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Fighting a good fight

A blog from a classmate stopped me in my tracks today. Jamie is a wonderful, wise woman, and her words leapt off the screen and into my heart. She's 100 percent right. She is beautiful. You are beautiful. We are all beautiful. 

For many of us, saying that out loud is not easy. I know it's not easy for me. I likely risk getting hit with tomatoes for saying this, but I want to be honest: I don't love my body. 

I definitely don't love my sagging rear, my flat chest or my flapping upper arms. I hate how my face looks older because the skin has loosened and falls into wrinkles around my eyes and mouth. And obviously, I've expressed my disgust with my legs.

There are definitely days I wish I could have my old body back. I miss the big boobs, full cheeks and sexy hips. Back then, I really did have the confidence to say I was beautiful. I knew it was true, and I had the plus-size swagger to prove it. 

Today, I only WISH I could confidently say what Jamie said. I WISH I loved my body for what it is today and not what I want it to be. I want all my readers to know one thing: I may have won the battle with my scale, but I have not won the battle with my heart. 

So yeah, I lost 105 pounds and a ton of pants sizes, but I didn't lose all of my personal baggage. No amount of "You look great" or "You're so skinny" can fix the issues inside my head. That's not an attempt at fishing for more compliments. That's the raw and unfortunate truth.

I could post a thousand training logs and recipes on this blog, and I still wouldn't have the answers to being a healthy person – inside and out. And I worry about what I say and don't say here because I don't want anyone to think I have all the answers. I want to encourage people who are seeking a healthy lifestyle, but I don't want to discourage anyone from being confident about who they already are.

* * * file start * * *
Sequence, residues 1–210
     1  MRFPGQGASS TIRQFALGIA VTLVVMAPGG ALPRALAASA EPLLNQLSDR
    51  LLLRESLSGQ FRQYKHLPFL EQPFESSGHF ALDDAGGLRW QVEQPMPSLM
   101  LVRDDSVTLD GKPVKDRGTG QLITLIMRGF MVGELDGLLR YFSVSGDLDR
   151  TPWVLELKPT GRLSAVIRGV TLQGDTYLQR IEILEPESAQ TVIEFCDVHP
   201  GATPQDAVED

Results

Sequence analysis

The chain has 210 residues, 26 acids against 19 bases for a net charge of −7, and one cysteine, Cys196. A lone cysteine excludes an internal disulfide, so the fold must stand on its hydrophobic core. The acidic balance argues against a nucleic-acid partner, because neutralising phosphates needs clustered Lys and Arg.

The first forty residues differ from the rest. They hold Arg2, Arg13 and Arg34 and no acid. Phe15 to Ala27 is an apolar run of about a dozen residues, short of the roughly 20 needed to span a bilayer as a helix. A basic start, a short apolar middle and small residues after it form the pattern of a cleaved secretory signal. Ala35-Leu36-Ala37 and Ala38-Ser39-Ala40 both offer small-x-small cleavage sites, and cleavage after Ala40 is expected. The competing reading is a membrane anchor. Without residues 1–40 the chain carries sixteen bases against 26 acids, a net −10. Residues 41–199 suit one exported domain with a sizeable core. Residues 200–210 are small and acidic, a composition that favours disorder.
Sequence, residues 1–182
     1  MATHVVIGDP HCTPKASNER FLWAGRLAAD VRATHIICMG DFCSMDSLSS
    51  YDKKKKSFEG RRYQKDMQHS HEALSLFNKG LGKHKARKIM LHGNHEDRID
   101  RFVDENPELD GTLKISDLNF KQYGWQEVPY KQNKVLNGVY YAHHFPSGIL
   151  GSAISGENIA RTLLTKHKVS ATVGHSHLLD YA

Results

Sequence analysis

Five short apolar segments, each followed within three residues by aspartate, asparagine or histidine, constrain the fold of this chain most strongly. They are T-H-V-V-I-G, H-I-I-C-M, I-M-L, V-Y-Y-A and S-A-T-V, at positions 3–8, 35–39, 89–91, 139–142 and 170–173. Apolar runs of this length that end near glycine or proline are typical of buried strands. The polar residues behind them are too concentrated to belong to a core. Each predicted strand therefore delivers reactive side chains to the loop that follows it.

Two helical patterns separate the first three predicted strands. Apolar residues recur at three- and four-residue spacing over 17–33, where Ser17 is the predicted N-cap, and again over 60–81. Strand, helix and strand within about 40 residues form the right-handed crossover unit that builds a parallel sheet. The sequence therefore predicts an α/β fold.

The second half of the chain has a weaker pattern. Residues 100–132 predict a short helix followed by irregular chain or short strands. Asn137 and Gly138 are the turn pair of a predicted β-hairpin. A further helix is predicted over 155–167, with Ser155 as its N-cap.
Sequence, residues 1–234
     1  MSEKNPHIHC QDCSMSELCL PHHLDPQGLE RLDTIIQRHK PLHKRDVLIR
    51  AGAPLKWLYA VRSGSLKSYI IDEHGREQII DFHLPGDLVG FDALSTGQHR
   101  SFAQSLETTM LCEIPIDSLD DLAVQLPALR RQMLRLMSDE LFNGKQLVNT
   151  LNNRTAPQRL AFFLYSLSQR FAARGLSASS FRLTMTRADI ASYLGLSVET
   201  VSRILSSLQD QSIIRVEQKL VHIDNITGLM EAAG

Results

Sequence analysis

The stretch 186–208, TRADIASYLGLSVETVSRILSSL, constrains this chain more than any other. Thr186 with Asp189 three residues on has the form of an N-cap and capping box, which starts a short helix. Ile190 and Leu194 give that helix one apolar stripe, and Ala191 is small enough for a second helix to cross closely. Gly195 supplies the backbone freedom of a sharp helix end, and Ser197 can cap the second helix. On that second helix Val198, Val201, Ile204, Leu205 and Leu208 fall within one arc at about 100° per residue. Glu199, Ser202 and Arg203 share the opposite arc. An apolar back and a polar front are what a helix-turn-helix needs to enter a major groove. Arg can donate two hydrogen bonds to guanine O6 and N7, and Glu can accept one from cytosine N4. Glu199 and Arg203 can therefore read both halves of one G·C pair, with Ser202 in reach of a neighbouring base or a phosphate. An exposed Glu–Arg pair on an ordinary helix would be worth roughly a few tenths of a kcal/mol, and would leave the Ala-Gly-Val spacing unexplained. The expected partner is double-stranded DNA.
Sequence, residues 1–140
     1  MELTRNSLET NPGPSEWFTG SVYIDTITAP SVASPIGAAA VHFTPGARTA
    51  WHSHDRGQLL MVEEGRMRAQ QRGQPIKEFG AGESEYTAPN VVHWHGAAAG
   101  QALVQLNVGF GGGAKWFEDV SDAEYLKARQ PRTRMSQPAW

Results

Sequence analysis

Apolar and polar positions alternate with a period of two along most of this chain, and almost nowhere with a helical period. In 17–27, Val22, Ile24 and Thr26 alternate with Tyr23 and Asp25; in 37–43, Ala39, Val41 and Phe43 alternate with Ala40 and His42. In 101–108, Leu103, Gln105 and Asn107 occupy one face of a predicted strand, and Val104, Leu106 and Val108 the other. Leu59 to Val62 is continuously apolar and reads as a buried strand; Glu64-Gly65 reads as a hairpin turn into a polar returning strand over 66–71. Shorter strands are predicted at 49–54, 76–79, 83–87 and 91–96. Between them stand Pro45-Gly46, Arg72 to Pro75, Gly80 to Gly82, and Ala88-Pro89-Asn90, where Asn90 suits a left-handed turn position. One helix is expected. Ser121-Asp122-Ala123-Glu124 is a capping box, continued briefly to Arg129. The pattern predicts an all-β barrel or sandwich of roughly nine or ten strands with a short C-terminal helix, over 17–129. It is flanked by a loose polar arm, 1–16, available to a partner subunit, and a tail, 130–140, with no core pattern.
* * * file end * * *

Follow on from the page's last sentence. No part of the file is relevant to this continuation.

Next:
I never intended to make anyone else feel bad about themselves. If I have, I'm sorry. Truly. 

When I started blogging more often last year, the goal was to inspire others. But lately, I haven't even been able to inspire myself. Social media's tricky like that – we only show the sides of ourselves that we want others to see. So in the past few months, you've seen me running big races, hitting my goals and feeding my family delicious, nutritious meals. 

What you haven't seen are the struggles. The conflicts in my mind. The emotional bullshit that I can no longer ignore and drown out with desserts. On TV, they like you to think an overweight person identifies their problems, addresses them and then magically loses the weight. They are cured! 

For me, the problems didn't come to the surface until the weight was no longer hiding them. So now what do I do? I'm not sure. But until I feel at peace with my heart, I know I can't feel at peace with my body. I can't feel beautiful outside until I find the beauty inside. 

Jamie's right. We can all be beautiful at any size. It's nothing to do with weight or fitness level or dress sizes. It's a state of mind. An appreciation for what your body is, rather than what society thinks it should be. You can be beautiful at every step and stage of life. Appreciate every curve, every angle, for what it is right now. Don't worry about what could be or might have been. 

Today, you are beautiful. We are beautiful. And we have to keep fighting the good fight to remember it. 

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